My Summer Reading Routine

Besides taking a daily nap, whether I need one or not, one of my summer goals is to read more books than I did last summer. Forty-one to be exact. No problem, right? (Note: Eighteen books down and I'm well on my way.) 

Thanks mostly to Goodreads, I have both figurative and literal piles of books waiting for my attention, and even though the professional books in my stack are top-notch, my draw to fiction is hard to resist. Let's face it. I spent nine months knee-deep in all things educational. I deserve a break. Yet as I mention in my book, Gatekeepers: Let's Talk about Teaching, I'm in charge of my own professional development, and spending quality time with authors who know their stuff feeds my teacher heart. So how do I do both? How do I attack that pile of enticing fiction and read about my practice at the same time? Well, I've found a system. I've been intentional.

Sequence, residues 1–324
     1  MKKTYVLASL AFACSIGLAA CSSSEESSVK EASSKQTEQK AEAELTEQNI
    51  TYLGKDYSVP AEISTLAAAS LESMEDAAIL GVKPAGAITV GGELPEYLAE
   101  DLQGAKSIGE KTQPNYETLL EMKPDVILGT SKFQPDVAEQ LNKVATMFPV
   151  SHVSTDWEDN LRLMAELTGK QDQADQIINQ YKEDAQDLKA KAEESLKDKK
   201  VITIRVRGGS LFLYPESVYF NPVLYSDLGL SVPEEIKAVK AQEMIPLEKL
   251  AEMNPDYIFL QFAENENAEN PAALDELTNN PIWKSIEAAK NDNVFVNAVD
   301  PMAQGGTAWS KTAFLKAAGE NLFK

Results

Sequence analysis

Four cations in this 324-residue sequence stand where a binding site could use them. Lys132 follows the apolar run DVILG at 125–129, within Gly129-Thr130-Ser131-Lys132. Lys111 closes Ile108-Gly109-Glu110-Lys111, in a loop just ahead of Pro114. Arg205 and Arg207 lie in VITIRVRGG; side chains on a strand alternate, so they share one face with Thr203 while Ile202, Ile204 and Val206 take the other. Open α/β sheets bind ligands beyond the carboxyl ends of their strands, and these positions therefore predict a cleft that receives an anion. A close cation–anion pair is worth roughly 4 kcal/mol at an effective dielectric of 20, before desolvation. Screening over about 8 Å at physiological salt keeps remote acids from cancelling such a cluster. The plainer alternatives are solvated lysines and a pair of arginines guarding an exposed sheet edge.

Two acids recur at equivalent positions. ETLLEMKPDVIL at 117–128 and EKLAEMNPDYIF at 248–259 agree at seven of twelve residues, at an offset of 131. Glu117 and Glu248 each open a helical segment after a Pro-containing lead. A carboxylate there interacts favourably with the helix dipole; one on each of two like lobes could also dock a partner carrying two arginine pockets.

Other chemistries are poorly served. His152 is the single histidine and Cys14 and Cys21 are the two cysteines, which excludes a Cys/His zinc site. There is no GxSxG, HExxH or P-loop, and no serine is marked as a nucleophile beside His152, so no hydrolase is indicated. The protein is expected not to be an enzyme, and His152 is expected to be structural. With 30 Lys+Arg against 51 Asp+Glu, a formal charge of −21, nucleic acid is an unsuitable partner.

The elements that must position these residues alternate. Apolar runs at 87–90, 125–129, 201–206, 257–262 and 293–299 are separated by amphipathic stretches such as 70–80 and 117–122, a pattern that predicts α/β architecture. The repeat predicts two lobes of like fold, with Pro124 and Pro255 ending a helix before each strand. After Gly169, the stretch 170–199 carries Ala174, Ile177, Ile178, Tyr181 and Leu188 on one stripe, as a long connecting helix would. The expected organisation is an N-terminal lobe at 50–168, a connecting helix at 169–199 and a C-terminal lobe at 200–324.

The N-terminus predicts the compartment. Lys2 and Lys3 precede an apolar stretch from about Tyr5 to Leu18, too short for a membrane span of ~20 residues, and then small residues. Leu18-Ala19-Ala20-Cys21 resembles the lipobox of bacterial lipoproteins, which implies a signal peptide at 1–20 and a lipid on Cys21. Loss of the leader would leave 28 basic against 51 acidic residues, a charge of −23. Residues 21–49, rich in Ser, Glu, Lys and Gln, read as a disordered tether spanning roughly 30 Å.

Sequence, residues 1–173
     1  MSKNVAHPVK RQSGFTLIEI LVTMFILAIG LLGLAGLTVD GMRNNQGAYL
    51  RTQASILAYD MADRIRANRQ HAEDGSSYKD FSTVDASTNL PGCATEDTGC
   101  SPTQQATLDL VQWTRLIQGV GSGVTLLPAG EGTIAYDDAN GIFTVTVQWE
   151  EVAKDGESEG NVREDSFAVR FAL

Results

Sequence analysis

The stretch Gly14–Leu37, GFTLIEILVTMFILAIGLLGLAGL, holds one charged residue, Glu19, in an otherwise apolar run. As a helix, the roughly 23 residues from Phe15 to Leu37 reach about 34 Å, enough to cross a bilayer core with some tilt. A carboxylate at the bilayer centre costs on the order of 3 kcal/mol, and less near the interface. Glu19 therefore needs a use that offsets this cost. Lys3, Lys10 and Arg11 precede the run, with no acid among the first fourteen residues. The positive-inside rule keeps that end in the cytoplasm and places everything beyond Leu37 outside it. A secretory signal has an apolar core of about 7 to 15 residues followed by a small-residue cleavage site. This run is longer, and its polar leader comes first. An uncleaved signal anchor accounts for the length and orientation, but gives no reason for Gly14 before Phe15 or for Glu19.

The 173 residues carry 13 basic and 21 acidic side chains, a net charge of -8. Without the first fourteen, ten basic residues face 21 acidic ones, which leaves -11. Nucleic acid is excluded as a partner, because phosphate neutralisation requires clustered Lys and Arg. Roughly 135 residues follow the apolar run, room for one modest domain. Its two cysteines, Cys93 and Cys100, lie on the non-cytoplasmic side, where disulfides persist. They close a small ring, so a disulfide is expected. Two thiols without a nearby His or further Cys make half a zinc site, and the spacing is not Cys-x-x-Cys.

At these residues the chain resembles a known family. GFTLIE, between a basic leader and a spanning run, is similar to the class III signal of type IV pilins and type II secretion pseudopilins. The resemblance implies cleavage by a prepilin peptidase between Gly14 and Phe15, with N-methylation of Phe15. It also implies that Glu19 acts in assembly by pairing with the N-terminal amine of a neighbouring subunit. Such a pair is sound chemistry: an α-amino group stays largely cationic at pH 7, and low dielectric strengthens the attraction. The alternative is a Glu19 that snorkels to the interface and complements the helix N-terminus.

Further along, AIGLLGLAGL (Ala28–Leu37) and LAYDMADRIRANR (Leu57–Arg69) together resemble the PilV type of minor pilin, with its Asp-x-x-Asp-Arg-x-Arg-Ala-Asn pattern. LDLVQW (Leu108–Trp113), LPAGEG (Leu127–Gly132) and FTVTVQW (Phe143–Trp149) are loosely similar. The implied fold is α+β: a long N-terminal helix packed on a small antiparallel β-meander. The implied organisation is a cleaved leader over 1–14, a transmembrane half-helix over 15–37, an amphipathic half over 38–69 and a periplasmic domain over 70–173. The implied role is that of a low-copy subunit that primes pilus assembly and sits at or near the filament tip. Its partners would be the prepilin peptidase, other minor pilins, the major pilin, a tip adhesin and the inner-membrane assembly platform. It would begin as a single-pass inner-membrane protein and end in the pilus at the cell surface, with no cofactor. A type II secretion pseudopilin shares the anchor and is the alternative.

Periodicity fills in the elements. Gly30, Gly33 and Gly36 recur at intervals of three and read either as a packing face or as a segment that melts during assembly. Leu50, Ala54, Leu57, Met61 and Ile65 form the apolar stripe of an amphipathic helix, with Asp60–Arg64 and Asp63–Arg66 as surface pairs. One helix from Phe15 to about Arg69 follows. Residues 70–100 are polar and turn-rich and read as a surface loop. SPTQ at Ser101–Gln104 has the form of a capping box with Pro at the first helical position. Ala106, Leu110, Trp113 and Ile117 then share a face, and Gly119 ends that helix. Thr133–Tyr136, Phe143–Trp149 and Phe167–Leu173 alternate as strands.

Every morning after I read my Bible and devotional, I read the next portion of whatever professional book I'm working on. It's become part of my routine, and I have to say, I look forward to it every morning. If I missed it for some reason, I'd be bummed. 

So that's my solution to the dilemma. Whether it's fiction or myriad other viable reasons for just not getting the professional reading done, what intentional moves will you make this summer? You're in charge of your own professional development.  

Read on, friends.

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Saturday, April 21, 2018

I Am a Writer

I'd like to imagine that most days I have a fairly decent handle on writing instruction. I understand the conditions for providing a space where writers are welcomed into the literacy club. Yet I still struggle with those who I have yet to win over -- those who would rather not say, "I am a writer." 

As a teacher in the Idaho Coaching Network, I was challenged to develop a special inquiry project this year, so with the help of Ralph Fletcher's book, Joy Write, I tackled this writing identity problem of practice. My goal was to use writing notebooks as a place to enjoy the process of playing with writing in hopes that each writer, specifically the reluctant ones, would find him/herself falling in love with writing.